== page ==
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Nikki Haley says she may not endorse the GOP nominee, President Biden says the U-S will continue air-dropping aid into Gaza and more states look at ditching the electoral college for a national popular vote.

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Hard times could be ahead for rural school districts that spent federal pandemic money on teacher salaries, a former Oregon lumber community drafts a climate-action plan and West Virginians may soon buy raw milk from squeaky-clean cows.

Land-access keeping young farmers from leading climate action

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Tuesday, December 5, 2023   

Young farmers in Missouri hope the new farm bill will include key benefits regarding land access so they can continue to pursue farming passionately. Without generational access to land and institutional knowledge of farming, young farmers face difficulties in entering the industry and building infrastructure for growing their business.

Payge Solidago, an organizer with the National Young Farmers Coalition, said nearly 40% of young farmers lease their land and lack access to secure land, and added four in every five of these farmers believe their work is regenerative and supports the land to improve its condition.

"We're talking about the ability to feed your community, the health and sustainability of the land, which is foundational to climate change. Runoff and chemicals, capturing carbon, pollinator health. All of these things farmers are thinking about, especially this younger generation," Solidago said.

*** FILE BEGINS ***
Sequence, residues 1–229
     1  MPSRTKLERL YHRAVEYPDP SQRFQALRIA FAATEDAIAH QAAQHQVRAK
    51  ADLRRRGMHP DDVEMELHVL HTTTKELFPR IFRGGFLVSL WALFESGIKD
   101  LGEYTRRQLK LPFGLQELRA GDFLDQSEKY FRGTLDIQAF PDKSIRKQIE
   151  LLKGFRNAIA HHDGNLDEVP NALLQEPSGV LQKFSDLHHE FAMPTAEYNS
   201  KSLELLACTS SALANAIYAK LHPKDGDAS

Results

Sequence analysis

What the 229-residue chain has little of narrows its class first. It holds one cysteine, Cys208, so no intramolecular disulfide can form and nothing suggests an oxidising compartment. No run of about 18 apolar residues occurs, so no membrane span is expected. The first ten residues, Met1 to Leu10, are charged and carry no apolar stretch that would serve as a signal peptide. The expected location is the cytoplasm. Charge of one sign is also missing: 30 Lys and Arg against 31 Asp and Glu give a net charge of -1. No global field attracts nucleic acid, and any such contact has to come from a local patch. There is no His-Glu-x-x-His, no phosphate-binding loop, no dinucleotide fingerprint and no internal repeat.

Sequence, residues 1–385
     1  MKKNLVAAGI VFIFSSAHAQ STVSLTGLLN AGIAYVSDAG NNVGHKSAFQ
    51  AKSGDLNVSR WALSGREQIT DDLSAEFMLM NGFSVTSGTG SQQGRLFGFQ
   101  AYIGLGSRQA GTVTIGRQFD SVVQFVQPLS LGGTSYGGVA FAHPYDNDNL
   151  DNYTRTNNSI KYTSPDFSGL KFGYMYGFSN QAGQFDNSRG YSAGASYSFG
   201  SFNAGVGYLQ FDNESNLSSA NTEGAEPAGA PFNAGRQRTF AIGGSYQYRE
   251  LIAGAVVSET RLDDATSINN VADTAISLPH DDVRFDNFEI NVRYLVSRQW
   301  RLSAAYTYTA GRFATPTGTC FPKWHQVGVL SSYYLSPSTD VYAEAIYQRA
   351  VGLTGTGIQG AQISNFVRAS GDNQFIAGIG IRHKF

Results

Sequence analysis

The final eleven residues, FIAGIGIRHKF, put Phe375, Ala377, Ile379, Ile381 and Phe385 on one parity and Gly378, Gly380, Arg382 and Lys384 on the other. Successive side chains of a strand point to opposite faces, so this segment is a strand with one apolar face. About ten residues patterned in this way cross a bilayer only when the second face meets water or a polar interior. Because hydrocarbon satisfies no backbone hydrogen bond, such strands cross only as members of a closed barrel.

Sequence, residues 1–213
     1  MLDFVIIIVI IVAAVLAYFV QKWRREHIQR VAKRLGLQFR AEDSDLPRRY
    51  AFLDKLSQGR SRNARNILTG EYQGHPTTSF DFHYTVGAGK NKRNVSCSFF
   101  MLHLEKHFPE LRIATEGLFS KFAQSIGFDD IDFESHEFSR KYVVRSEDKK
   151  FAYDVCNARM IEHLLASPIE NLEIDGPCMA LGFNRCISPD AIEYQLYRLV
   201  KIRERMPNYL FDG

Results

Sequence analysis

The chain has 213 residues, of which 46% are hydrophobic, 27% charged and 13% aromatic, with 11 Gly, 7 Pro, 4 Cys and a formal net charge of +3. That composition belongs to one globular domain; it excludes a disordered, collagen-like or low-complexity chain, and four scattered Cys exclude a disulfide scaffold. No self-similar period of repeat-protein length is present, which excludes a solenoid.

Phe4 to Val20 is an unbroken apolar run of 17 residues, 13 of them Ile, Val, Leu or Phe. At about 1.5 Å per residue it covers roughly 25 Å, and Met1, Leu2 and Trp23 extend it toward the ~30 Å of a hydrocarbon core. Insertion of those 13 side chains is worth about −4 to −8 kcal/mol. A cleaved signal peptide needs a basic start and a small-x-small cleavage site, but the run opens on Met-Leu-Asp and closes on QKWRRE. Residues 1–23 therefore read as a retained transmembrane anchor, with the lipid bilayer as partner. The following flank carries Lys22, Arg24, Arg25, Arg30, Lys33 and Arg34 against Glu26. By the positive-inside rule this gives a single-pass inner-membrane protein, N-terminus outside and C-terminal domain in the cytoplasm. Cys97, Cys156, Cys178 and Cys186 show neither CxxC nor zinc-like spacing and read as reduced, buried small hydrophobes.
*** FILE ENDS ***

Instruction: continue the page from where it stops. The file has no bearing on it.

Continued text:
Solidago would like to see the Land Access and Opportunities Act passed in the new Farm Bill.

Missouri has few land-reparation projects across the state to support farming and land ownership for Black and indigenous farmers and others of color. The Henry Kirklin Black Scholarship Fund is one that can support young farmers.

According to Solidago, 60% of young farmers say their top challenge is land access.

"All of these capital issues and land issues, whether it be climate issues, water issues, student-loan issues, BIPOC farmers are experiencing all of these issues at a higher rate than white young farmers. Farmers of color and queer folks have a harder time being able to enter these farming spaces because of what the communities often look like," she added.

Solidago said young farmers are on the front lines of the climate crisis and need support to continue implementing solutions on their farms. She says they often face barriers to accessing existing federal conservation programs.

"A lot of these USDA programs are designed for really large farms, and these young farmers with smaller farms, the program wasn't built for them, and applying is often not worth the trouble," she said.

Historically underserved farmers and ranchers that manage small-acreage farms have a crucial role to play in protecting natural resources, conserving water and improving soil health. Solidago urges legislators to pass the Small Farms Conservation Act and the Land and Opportunities Act for the new Farm Bill.


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